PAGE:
Abuse of Dominance and Digital Markets Act (cepInput)
Tech giants like Google, Amazon or Facebook dominate the global internet market. Competition law is not enough to prevent abuse of power. The Commission therefore presented the Digital Markets Act (DMA) last December. The law is intended to prevent operators of large internet platforms from restricting competition or imposing unfair conditions.
The Centrum für Europäische Politik (cep) has examined the act and its relationship to EU competition law in a cepInput. The main point of criticism: "In case of infringements, companies are threatened with double prosecution and double punishment through the application of the DMA and EU competition law. This is prohibited by principle and thus violates Article 50 of the EU Charter of Fundamental Rights," says cep lawyer Lukas Harta, who wrote the study.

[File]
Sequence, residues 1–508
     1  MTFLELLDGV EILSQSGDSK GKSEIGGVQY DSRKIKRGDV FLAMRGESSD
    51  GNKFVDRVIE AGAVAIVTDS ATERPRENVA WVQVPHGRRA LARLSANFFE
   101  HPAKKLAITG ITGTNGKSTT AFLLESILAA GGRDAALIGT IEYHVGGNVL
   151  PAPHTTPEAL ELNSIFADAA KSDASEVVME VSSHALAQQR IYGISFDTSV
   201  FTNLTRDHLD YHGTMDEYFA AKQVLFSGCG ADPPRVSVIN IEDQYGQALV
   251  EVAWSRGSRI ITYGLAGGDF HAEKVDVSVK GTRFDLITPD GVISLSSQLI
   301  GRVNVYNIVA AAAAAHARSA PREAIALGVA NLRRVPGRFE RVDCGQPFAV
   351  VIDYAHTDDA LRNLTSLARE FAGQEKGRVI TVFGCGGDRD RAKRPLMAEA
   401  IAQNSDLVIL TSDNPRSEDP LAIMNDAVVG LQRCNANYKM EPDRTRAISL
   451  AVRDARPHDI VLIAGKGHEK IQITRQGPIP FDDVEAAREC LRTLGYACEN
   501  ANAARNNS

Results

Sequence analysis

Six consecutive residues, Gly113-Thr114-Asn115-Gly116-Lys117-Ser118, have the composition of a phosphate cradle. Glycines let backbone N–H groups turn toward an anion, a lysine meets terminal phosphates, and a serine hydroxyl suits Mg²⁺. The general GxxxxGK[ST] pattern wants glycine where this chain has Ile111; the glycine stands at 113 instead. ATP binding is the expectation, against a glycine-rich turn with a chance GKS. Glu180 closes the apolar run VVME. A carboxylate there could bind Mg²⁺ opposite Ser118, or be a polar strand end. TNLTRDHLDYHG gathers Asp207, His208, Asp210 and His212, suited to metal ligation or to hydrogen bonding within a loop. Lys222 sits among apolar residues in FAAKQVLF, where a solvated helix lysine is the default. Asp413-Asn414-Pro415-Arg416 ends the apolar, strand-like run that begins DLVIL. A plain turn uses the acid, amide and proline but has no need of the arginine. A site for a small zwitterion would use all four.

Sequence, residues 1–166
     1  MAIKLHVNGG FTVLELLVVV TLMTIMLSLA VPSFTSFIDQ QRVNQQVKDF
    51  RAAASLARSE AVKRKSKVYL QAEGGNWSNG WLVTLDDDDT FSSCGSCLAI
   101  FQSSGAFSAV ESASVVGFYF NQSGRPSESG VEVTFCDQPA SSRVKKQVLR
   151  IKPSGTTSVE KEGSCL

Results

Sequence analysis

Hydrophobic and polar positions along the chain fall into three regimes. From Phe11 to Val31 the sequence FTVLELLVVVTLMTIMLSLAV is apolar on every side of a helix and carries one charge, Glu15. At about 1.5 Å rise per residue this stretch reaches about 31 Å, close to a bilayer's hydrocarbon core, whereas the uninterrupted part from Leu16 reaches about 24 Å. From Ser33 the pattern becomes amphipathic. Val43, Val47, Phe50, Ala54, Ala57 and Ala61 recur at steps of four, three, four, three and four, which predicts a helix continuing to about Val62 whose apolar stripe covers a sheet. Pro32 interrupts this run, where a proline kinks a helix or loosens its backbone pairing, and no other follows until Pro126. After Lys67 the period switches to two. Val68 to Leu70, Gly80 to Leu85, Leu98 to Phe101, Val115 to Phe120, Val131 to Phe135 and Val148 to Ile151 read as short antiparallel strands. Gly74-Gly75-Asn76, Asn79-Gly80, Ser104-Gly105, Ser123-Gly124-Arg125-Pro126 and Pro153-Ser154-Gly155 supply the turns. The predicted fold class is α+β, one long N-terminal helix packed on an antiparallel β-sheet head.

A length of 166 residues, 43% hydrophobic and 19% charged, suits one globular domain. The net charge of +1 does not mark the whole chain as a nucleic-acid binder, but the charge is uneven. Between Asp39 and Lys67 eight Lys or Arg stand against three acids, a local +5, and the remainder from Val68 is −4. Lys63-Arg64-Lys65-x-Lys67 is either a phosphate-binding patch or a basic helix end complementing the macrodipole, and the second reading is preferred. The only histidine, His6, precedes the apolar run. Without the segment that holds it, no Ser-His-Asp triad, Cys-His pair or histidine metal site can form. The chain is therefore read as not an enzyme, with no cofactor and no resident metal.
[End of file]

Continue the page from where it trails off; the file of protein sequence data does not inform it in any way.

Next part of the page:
"The European Court of Justice (ECJ), in view of its previous case law, will presumably consider double prosecution permissible. This should be rejected. The ECJ should abandon its previous line of case law," the cep expert demands.
According to Harta, at least double punishment is inadmissible according to the ECJ: "The Commission should follow the ECJ, not allow double punishment and the Parliament should adapt the draft law accordingly."
According to the Commission's current draft law, bigtech companies could face fines of up to 10 per cent of their annual turnover and thus billions of euros in fines for violations of the DMA.